Event/Speaker

Symposium: Circus and the City: New York, 1793-2010

Date

Monday, October 15, 2012

Time

1:30 pm – 4:00 pm

Place

38 West 86th Street

212.501.3019, academicevents@bgc.bard.edu

Description

This half-day symposium is being held in conjunction with the Circus and the City exhibition at the Bard Graduate Center.  The exhibition is made possible, in part, with support from the Mr. and Mrs. Raymond J. Horowitz Foundation for the Arts and anonymous donors.  The symposium focuses on the animals and performers that made the circus into such a spectacular and iconic form of entertainment in the United States. Brett Mizelle, “Contesting the Circus in American History: Animal Exhibitions and the Emergence of Animal Welfare,” historicizes debates over the legitimacy of the circus and charts the evolving relationship between the American public and animals over the course of the nineteenth century. Janet M. Davis, “Circus Queen in New York City: Flight, Spectacle, and the Fantastical Life of Tiny Kline,” uses the varied career of performer Tiny Kline to explore the world of popular amusements in the city during the early decades of the twentieth century. The symposium showcases the rich history and cultural legacy of the circus in New York City, and the two speakers will be joined by exhibition curator Matthew Wittmann, who will provide commentary.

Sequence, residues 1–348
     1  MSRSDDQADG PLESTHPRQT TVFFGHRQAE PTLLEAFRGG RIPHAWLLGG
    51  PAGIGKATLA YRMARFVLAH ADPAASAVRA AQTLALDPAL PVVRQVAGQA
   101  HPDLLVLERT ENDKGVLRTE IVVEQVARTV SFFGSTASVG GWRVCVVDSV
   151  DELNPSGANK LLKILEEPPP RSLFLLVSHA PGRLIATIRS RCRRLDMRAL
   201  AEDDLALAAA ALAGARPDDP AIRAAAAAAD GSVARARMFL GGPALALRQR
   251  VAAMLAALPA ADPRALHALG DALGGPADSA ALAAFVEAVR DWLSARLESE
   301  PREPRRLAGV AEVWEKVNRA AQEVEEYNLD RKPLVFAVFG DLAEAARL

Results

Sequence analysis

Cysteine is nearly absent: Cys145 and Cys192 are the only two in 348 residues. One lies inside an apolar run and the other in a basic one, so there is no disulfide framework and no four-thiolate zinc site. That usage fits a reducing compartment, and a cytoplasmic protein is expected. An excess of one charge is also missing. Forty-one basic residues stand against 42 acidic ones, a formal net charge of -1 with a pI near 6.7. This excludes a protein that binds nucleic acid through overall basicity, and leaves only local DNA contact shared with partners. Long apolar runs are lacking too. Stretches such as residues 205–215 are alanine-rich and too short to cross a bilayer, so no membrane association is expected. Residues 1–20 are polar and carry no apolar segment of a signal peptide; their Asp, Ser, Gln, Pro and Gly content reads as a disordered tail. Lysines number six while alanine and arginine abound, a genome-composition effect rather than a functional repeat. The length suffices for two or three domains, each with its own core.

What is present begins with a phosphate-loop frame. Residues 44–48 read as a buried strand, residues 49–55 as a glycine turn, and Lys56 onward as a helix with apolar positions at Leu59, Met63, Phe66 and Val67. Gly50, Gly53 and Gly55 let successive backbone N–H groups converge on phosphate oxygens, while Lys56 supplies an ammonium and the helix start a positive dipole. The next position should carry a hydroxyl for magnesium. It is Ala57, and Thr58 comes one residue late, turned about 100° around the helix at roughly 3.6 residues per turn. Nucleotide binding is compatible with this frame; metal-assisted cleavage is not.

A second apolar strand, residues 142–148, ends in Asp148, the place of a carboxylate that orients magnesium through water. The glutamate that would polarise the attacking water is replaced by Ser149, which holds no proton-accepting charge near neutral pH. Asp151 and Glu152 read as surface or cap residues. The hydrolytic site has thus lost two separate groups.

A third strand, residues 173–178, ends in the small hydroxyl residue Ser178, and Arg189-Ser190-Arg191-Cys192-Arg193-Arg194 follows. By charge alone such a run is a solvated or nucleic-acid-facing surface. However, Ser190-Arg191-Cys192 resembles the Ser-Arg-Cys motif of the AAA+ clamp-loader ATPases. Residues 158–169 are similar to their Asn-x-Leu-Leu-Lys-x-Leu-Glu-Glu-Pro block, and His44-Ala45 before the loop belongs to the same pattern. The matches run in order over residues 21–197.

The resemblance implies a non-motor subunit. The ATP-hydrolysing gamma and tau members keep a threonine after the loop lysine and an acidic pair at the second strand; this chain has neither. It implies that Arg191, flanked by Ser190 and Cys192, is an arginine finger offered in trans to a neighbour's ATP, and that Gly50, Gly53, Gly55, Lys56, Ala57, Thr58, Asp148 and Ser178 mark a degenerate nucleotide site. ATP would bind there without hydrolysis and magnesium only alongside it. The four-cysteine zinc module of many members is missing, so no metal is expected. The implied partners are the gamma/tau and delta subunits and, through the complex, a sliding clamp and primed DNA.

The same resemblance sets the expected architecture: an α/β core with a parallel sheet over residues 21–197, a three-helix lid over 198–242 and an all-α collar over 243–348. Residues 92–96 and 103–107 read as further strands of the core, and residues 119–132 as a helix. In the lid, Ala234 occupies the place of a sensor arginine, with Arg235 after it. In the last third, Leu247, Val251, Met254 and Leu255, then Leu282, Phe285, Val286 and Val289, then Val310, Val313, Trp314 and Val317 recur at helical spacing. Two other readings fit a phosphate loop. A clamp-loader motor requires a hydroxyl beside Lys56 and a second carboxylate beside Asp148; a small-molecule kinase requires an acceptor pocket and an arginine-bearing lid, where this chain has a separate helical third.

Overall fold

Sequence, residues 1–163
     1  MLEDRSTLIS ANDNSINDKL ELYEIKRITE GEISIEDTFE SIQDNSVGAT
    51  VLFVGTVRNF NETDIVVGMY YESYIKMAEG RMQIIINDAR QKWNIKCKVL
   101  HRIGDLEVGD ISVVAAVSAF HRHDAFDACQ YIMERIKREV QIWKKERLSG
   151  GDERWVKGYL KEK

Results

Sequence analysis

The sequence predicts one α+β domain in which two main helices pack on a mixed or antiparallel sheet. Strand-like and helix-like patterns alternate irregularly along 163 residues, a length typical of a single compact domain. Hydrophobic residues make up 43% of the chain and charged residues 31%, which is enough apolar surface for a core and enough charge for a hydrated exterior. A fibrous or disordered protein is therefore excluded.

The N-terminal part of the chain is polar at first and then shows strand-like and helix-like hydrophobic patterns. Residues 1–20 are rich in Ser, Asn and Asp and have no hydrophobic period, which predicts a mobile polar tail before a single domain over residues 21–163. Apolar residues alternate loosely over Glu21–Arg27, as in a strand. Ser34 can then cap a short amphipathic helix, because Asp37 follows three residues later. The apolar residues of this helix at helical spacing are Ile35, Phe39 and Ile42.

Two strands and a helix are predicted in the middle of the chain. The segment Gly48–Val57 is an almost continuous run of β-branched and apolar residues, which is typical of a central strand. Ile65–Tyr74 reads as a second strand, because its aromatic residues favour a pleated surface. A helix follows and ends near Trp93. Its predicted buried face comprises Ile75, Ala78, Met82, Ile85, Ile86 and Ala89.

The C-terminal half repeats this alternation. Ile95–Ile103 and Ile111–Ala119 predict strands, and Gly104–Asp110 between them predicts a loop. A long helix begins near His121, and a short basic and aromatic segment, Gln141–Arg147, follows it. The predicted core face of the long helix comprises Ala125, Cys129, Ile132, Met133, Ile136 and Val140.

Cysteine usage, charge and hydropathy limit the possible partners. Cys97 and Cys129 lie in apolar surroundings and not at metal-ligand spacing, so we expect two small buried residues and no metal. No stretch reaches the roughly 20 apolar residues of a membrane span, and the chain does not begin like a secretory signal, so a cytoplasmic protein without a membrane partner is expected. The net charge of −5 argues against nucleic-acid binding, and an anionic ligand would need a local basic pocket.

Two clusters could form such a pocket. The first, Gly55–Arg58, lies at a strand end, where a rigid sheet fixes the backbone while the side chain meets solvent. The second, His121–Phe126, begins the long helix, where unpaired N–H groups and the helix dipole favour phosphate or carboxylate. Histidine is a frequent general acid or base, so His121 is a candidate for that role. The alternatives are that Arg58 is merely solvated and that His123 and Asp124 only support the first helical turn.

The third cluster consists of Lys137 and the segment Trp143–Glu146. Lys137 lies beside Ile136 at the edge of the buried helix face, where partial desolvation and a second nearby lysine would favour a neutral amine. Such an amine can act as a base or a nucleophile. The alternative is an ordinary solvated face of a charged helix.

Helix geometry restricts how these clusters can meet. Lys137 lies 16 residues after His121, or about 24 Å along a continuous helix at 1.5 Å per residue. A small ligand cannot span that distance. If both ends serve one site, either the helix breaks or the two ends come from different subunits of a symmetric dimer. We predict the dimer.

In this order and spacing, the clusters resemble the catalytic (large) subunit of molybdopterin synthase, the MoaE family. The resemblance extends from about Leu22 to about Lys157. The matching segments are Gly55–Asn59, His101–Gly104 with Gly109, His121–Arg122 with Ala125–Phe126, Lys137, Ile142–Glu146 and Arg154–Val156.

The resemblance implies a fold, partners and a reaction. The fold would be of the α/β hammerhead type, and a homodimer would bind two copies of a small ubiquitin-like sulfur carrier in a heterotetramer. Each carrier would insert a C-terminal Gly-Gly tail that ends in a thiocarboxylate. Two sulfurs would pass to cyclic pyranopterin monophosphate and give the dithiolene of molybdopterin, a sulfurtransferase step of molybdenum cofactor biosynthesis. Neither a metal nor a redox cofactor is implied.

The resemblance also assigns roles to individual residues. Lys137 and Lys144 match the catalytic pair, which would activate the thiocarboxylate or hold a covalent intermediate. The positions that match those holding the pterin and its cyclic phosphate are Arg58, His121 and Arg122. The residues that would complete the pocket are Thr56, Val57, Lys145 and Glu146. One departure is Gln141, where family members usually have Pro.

Brett Mizelle
(California State University, Long Beach)
“Contesting the Circus in American History: Animal Exhibitions and the Emergence of Animal Welfare”

Janet M. Davis
(University of Texas at Austin)
“Circus Queen in New York City: Flight, Spectacle, and the Fantastical Life of Tiny Kline”

 

RSVP is required. Please click on the registration link at the bottom of this page or contact academicevents@bgc.bard.edu.

PLEASE NOTE that our Lecture Hall can only accommodate a limited number of people, so please come early if you would like to have a seat in the main room.  We also have overflow seating available; all registrants who arrive late will be seated in the overflow area.


Academic Programs, Symposia